I need a new wallet. Preferably something three nanometers thin. My wallet has only the basics; no family pictures. You may think this is a sign of indifference or callous denial of the importance of my loved ones, but never in my life have I seen a man take out his wallet and look at the pictures of his wife and children. Perhaps they do when they are trapped with no escape and the zombies are coming. I can’t say. But if I want to look at my wife and child I have dozens of photos, and movies, on my personal computation slab in the other pocket. In the days when people owned ten, maybe 15 photos total, I can see the point of sticking one in the crinkly cellophane pane, but we’re beyond that. What if I lose the phone? you ask. Then I will have to rely on memory. All I want in my wallet is the necessary ID, the card I use to exchange theoretical units of monetary value, the American Express card which exists as a get-out-of-jail card, really - no limit, so if I drive my car into a yacht, and the owner demands instant reimbursement, I can do that. There’s also the backup card in case the other two fail. That’s the humiliation card. If it has to be used because the others are declined - for tech-failure reasons, mind you, I’m good for them - then there will be that moment of cold judgment for the man who’s obviously made such a mess of things his standard cards are dead, but there’s still a half-pint of blood left on this one. And you’re buying, what? Box wine? How nice for you.

My father had the same wallet for twenty years, or more. It was as thick as a Leon Uris paperback. It had everything. I can understand carrying around your pilot’s license and hazmat fuel-transport licenses, yes; that makes sense. But a card stating you had been discharged from the Navy? Probably not going to be one of those day-to-day concerns, unless there was fear in the fifties of roving shanghai press-gangs. Oh, you have the card? Sorry, man. Didn’t know. Well, anchors away, and all that. Like many people from his generation, he carried his Social Security card, a talisman against the penury of the latter bony days. Only people over 75 carry the card, I think. To new workers, the idea of having a card at all is probably odd. I remember when I got mine. It was an empty sort of accomplishment. Felt more pride when I got my MMMS card.

Anyway. I just want one card. I don’t want to give up paper money; I like paper money. But I want one card with all my info. One mag stripe, fifteen functions. I’d still carry a wallet, because a man needs to reach for something when the occasion requires. To pay a bill, cover a check, buy a drink. Reach for it.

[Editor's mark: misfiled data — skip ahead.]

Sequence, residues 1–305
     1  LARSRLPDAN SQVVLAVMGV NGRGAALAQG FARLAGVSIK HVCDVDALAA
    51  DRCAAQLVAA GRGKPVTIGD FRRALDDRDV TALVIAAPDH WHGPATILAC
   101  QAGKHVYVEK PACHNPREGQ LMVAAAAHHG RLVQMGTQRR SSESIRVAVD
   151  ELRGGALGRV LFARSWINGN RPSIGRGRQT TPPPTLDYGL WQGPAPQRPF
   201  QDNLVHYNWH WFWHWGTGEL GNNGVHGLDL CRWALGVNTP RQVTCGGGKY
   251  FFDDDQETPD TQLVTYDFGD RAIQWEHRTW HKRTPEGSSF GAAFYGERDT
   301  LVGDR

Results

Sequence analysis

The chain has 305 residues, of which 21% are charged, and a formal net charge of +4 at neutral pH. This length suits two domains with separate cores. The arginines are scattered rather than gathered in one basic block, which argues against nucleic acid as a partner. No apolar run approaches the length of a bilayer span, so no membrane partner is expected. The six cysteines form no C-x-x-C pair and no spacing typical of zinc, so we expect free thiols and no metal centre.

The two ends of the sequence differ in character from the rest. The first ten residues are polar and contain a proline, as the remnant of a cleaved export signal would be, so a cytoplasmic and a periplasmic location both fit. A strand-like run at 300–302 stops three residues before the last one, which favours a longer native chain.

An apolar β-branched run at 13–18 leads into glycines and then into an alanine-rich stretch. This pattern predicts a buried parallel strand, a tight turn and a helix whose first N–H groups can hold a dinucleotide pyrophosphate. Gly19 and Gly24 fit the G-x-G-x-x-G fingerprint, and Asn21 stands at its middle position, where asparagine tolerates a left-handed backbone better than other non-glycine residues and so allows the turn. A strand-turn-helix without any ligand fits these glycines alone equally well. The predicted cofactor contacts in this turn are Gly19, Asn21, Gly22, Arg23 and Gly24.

Just remembered one of my first wallets: it was a perfect 1970s wallet. Brown. Synthetic. It was covered with a nubby substance that gripped the inside of your pocket, and was sold as theft-resistant. I’m not sure why I bought it, since Fargo wasn’t crawling with dips who’d jostle you on the bus and twinkle-finger your roll out of your back pocket. Not that they’d bother with me. Library card. Driver’s license. A few pictures. When you’re a kid you’re desperate to fill up your wallet, to show you’re part of the world.

When you’re adult you look at the cards, and think: insurance against this. Insurance against that. Insurance against toothache. Insurance against dead batteries. I’m covered. I’m set. I’m safe.

But as I said, I need a new wallet. The only one conformed, as they all do, to the shape of my body. It curved. It slipped into the contours of the space it was supposed to inhabit. And in doing so, it cracked the corner every talisman it contained.



Listening to Thomas Dolby’s new album. When artists take a few decade between albums you expect they’ve come up with a melody or two while they were out. It’s like reading a book from an author who took 20 years to write his next novel, and the opening line is “The night was dark, as well as stormy.” I suppose I like it enough to listen to the entire thing (via Spotify) since it’s familiar, and familiar in a way I’d forgotten. Everyone knows him from “She Blinded Me With Science,” of course, and rightly so. A perfect 80s song. SCIENCE! The follow-up, “The Flat Earth,” was not what people expected, if they expected bouncy off-kilter “synth pop.” It was full of dark lyrical portraits you get when people stay in LA too long and decide they have to write about this . . . this . . . hold on, it’ll come to me - this dichotomy between the sunny landscape and the dark troubles of its inhabitants. That’s it! Also, Hollywood illusions do not measure up to real life. And a lot of people are doing drugs.